(Paul Morley, Words and Music)

Paul Morley telling it how it is, & as the year starts to fade away, it’s time once again for the series of lists detailing the best of the best that’s passed through my eardrums in the last 12 months. We begin, as ever, with the ten most outstanding EPs. Read more

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Mix Tape #20 : Dancefloor

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Happy Easter!. Having finally emerged from the dark days of Lent, i thought it would be fitting to have a new mix tape, with an upbeat theme. As i’ve mentioned on previous occasions, dance music has always been a parallel love of mine alongside the avant-garde, and this mix tape will, i hope, prove to be an irresistable selection. As always, there’s a mix of old and new, the oldest being around 13 years old, the newest released last month.

Delphic were included in the BBC Sound of 2010, not exactly a good sign to be sure, and while they’ve failed (as yet) to distinguish themselves, this song isn’t at all bad, and this remix makes it perfect. Above and Beyond are, in my view, the champions of contemporary trance music, and they feature on this mix tape four times; “Stealing Time” is one of the standout tracks from their lovely album Tri-State, released 5 years ago. Connected to Above and Beyond via their Anjunadeep label is Michael Cassette; this is his latest single, a delicious throwback to 1980s synths. Ahead of Delphic in that dreaded BBC 2010 list was Marina Diamandis, better known as Marina and the Diamonds; she’s proved herself to be a real talent, and while “I Am Not A Robot” is pop perfection as it stands, this hard-to-find remix is outstanding. If you’ve never heard of Bloodgroup, they’re an up and coming band from Iceland, specialising in a rather unusual brand of electropop (with occasional similarities to The Human League); this track comes from their latest album and is a good introduction to their music. Read more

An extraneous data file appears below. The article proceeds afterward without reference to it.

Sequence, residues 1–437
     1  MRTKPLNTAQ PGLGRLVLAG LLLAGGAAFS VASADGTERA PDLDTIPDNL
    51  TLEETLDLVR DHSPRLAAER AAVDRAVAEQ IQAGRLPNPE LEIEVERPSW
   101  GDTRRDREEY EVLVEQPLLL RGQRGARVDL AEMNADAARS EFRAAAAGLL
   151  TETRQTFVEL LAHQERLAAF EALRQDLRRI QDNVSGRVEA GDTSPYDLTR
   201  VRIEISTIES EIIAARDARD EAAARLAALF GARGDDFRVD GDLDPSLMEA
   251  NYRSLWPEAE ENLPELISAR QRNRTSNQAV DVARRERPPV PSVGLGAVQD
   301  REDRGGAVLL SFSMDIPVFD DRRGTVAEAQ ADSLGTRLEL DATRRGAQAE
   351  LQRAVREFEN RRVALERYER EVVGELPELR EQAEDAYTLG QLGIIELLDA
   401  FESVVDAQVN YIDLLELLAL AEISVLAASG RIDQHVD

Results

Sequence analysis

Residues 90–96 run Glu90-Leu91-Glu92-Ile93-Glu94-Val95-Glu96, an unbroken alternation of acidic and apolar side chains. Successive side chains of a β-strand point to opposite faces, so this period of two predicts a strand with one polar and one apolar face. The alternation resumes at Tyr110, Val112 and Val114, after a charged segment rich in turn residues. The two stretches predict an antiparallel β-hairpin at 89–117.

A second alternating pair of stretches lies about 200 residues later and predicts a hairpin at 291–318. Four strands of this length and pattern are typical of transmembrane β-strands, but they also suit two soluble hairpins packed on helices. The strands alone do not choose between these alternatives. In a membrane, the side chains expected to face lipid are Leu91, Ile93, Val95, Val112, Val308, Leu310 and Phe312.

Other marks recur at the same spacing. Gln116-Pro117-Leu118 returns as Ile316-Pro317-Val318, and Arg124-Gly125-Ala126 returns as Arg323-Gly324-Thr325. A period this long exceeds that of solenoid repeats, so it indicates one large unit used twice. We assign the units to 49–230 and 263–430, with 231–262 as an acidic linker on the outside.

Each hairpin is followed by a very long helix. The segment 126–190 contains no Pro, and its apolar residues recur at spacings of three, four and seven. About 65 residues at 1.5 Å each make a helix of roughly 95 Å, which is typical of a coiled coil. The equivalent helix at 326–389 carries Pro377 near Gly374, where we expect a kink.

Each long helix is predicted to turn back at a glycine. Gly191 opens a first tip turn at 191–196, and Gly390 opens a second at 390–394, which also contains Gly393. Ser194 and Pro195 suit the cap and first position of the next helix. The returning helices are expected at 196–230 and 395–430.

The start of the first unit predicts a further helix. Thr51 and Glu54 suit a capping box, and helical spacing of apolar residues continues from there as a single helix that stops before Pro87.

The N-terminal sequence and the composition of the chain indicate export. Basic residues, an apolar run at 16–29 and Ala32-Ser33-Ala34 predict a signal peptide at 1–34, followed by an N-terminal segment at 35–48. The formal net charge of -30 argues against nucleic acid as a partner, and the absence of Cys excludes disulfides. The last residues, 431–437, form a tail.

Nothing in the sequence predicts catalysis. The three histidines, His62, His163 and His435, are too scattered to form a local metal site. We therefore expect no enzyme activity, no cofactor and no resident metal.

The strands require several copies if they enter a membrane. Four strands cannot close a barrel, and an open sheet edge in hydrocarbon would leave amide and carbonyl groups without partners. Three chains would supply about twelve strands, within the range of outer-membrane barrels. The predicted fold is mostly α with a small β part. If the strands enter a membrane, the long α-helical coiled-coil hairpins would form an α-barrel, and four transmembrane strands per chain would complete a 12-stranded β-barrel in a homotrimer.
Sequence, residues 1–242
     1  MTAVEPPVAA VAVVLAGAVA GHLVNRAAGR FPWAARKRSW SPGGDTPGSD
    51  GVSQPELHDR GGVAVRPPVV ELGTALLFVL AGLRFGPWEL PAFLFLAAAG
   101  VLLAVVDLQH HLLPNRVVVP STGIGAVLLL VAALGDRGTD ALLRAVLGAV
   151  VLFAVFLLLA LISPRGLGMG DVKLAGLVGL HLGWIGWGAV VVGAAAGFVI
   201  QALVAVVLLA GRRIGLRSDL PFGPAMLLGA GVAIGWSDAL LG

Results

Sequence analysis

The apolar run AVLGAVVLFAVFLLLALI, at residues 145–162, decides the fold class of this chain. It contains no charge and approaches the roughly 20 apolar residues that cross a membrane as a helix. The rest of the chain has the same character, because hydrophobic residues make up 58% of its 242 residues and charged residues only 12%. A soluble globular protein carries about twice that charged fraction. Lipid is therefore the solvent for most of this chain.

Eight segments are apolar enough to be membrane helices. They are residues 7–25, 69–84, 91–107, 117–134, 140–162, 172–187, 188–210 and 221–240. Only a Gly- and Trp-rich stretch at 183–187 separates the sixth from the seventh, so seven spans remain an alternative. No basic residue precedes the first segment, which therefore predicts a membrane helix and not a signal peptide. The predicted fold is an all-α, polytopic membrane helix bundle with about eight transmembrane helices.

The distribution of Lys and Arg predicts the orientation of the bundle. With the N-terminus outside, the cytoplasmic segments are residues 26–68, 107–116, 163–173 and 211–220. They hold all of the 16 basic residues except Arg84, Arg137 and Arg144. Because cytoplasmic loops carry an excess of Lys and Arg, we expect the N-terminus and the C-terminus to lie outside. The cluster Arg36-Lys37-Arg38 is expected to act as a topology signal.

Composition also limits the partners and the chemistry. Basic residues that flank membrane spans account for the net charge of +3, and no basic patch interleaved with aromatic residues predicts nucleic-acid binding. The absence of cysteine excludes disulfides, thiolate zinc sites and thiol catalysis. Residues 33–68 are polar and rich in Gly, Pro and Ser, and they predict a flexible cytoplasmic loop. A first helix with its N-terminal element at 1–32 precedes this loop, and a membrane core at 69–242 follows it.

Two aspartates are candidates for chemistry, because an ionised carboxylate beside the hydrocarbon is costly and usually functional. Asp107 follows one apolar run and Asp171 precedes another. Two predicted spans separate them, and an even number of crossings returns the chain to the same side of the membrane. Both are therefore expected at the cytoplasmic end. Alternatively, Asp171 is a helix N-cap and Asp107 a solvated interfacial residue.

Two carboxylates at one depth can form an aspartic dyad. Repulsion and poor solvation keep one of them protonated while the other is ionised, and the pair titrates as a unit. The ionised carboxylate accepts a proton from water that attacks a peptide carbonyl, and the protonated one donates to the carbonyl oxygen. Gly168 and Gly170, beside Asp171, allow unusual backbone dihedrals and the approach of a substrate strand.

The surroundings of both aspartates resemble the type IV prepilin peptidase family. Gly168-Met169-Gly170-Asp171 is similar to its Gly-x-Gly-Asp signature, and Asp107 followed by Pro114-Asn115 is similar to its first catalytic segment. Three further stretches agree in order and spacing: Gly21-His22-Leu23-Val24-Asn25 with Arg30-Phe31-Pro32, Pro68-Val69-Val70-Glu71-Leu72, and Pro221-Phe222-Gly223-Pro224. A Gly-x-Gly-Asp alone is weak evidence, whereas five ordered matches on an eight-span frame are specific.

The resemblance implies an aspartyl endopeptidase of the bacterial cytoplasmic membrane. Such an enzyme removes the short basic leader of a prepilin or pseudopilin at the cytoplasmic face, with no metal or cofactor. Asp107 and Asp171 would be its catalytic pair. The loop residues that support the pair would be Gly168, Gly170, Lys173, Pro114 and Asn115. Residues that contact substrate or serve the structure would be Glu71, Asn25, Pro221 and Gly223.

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Mix Tape #11 : Joy

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A very belated Happy Easter to you all! Following a hectic Easter weekend, and a few days spent in Cambridge, here’s a new mix tape for Eastertide, the theme being joy.

To start, a wonderful jazz-folk fusion number from Yellowjackets; Greenhouse is an album i’ve loved for years, and “Freda” is one of its most exciting tracks. It’s followed by the last movement from one of Michael Tippett‘s earliest mature compositions; strident and full of momentum, it briefly allows a moment or two of wistful reflection before culminating in an elated dance. Freezepop‘s latest album remains their one consistent release, and “Ninja of Love” is one of its most infectious songs. Continuing the pace like a runaway train is the opening track from Squarepusher‘s brilliant 2006 album Hello Everything, “Hello Meow”, filled with retro synths and riffs. Each album by Deerhoof has its share of instrumentals, and “Rainbow Silhouette Of The Milky Rain” bludgeons its experimental way along in rip-roaring fashion. The mix now enters a gentler mode, beginning with Imogen Heap‘s ravishing track “Just For Now”, all glorious (if realistic) optimism. And then Björk, who has surely composed some of the most unreservedly happy songs ever; “All Is Full Of Love” is here given extra treatment in the form of beats and strings, becoming if anything, more ecstatic than the original version. The “Communion” from Tournemire‘s Easter music shows him at his mystical best, placing the plainsong themes into complex, shimmering chords that hover and float in rapture. Julee Cruise, bless her, only knows extremes: her music is either abjectly mournful (“The Dying Swan”) or caught up in ecstasy, as she is here, in one of her most well-known songs. Read more